The victory is also a first for the new coaching regime of Sandile Ngcobo and his assistant, Philip Snyman.
The final started in spectacular fashion with Shilton van Wyk blitzing the Irish defence with a sharp break and he finished under the sticks, giving Ricardo Duarttee the easiest of conversions.
Van Wyk, who was named Player of the Final, was soon at it again, slicing through the opposition's defensive line with Duartee’s conversion pushing the lead to 14 points.
That was also the halftime score and as expected the Irish came back strong in the second half. Their early endeavor were dealt a cruel blow when Siviwe Soyizwapi intercepted a pass and ran all of 60m to score. Duarttee extended the lead to 21-0.
The South Africans were starting to concede a number of penalties on defence and Ireland managed a score when Jack Kelly after 11 minutes of play. The last three minutes were played in the middle of the field, with a strong South African defensive effort keeping Ireland at bay to score a famous win.
For Soyizwapi, the effort was expected: “We had a hard chat after our defeat in the first round against Great Britain. There are so many good sides in the world series and you need to be sharp in every match. We decided to get stuck in and that delivered some fantastic performances. I am really proud of the squad and everyone involved.”
The Springbok Sevens team outlasted New Zealand in a dramatic semi-final earlier on Saturday, earning a fourth consecutive final berth in Dubai. A try 50 seconds into injury time by Van Wyk saw the Blitzboks win 26-19, after twice coming from behind in a wonderful game of sevens rugby.
New Zealand started strong and scored twice in the first half to gain a 12-0 lead at the break. Caleb Tangitau outsprinted the Blitzboks in his first of two tries in the half after three minutes and he bagged the second right at the end of the half.
The Blitzboks suffered a blow with Dewald Human limping off at the same time.
The second half started in dramatic fashion as Muller du Plessis gathered the ball from the kick-off and ran 50m to get his team on the board. Duarttee kicked the conversion and scored a snipers try a minute later to put the Blitzboks ahead for the first time.
Akuila Rokolisoa took that lead away from the South Africans again with a converted try, putting them in a 19-14 lead with two minutes to play.
The Blitzboks attacked from all angles and New Zealand were given a yellow card for not rolling away. Branco du Preez exploited the numbers to score from close range, but the conversion went wide and NZ's lead remained two points at 19-17.
The Blitzboks won the ball back from the restart and after numerous phases, and with the clock in the red, Van Wyk crashed over for the winning try, with Du Preez's conversion a formality.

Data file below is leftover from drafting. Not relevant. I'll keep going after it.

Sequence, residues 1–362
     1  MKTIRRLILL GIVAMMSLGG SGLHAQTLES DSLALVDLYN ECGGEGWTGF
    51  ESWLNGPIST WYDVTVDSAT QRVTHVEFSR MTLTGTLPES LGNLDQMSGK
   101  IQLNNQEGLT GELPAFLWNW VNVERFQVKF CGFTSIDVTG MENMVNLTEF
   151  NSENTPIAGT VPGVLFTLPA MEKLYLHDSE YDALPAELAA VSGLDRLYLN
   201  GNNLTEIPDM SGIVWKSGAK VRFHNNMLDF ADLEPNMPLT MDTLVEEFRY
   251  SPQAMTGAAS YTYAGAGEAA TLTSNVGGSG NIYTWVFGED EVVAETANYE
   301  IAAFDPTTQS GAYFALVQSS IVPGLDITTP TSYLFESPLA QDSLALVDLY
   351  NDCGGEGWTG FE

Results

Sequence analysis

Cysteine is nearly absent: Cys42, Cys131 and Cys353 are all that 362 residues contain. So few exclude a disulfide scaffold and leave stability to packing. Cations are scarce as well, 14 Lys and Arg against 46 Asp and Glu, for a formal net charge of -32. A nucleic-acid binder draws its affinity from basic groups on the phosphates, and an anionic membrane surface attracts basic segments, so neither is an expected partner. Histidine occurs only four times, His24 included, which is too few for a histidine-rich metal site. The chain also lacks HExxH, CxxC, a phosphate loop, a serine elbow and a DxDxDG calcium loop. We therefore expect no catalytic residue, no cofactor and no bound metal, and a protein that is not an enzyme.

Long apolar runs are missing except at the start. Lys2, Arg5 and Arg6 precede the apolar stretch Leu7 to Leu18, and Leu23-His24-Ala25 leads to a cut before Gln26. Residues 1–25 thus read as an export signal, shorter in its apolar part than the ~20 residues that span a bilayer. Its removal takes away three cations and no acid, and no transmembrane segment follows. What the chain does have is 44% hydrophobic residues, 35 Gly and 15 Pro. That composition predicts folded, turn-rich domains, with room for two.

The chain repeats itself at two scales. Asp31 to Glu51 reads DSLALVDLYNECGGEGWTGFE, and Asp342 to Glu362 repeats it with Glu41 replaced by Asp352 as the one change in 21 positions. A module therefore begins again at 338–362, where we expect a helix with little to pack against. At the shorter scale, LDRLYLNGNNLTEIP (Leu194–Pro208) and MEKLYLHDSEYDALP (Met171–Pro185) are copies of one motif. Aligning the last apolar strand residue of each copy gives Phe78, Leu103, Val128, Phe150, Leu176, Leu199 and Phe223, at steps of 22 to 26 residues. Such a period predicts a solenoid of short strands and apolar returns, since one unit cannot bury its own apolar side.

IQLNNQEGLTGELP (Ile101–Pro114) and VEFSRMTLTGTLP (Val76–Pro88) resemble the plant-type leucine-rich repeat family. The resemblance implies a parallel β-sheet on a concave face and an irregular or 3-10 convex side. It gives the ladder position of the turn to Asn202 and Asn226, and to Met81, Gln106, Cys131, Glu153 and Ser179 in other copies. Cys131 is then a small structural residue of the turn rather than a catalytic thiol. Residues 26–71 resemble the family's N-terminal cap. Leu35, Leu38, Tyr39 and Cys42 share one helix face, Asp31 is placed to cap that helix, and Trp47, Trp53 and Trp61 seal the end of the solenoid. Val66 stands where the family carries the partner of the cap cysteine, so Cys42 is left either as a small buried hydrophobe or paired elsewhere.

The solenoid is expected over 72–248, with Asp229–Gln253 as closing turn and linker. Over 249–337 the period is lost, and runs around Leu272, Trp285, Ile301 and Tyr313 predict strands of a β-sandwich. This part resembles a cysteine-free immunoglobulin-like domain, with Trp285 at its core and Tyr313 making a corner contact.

Ireland beat the USA to secure their first Dubai final.
Earlier, South Africa claimed a hard-fought 24-19 win over Samoa in the Cup quarter-final of the Emirates Dubai Sevens and will meet New Zealand for a place in the final later on Saturday.
Their refusal to give up and a swarming defence were the main instigators for South Africa, while scrumhalf Ricardo Duarttee also had a huge game for the Blitzboks. The nuggety player scored two tries and initiated another as the team crawled their way back from 12-0 down in the first half.
Samoa got onto the board in the second minute when Vaa Apelu Maliko ran hard to touch down despite a good covering tackle from Dewald Human before Uaina Sione dotted down after the Blitzboks fluffed their lines from the resulting restart. They conceded possession and Samoa pounced for a converted try and 12-0 lead.
Duarttee then scored a brilliant try. Samoa had players in front of the ball at the kick-off and from the resulting penalty, Duarttee tapped and went all the way to the Samoan line, stepping and hand-off defenders along the way.
Two minutes later he bamboozled the Samoans defence again, this time offloading to Muller du Plessis, who scored the try to even scores at the break.
Samoa started best in the second half, with Paul Scanlan scoring and converting to put his side 19-12 up, but then Duarttee stepped up again, scoring a try after another tap and go close to the Samoan line.
South Africa had the upper hand defensively and this stage and Samoa battled to get out of their red zone. From a turnover on defence, the Blitzboks switched defence into attack and James Murphy raced over. The conversion by Human was good and his side was in the lead for the first time with a minute to play.
That was played in the Samoan 22m area, with solid defence keeping them at bay until the final whistle and a well-deserved win for the Blitzboks.
Quarter-final: Springbok Sevens 24 (12), Samoa 19 (12)
Springbok Sevens - Tries: Ricardo Duarttee (2), Muller du Plessis, James Murphy. Conversions: Dewald Human (2).
Samoa - Tries: Vaa Apelu Maliko, Uaina Sione, Paul Scanlan. Conversions: Scanlan (2).
Springbok Sevens 26 (0), New Zealand 19 (12)
Springbok Sevens - Tries: Muller du Plessis, Ricardo Duarttee, Branco du Preez, Shilton van Wyk. Conversions: Duarttee (2), Du Preez.
New Zealand - Tries: Caleb Tangitau (2), Akuila Rokolisoa. Conversions: Rokolisoa (2).
Springbok Sevens 21 (21), Ireland 5 (0)
Springbok Sevens - Tries: Shilton van Wyk (2), Siviwe Soyizwapi. Conversions: Ricardo Duarttee (3).
Ireland - Try: Jack Kelly.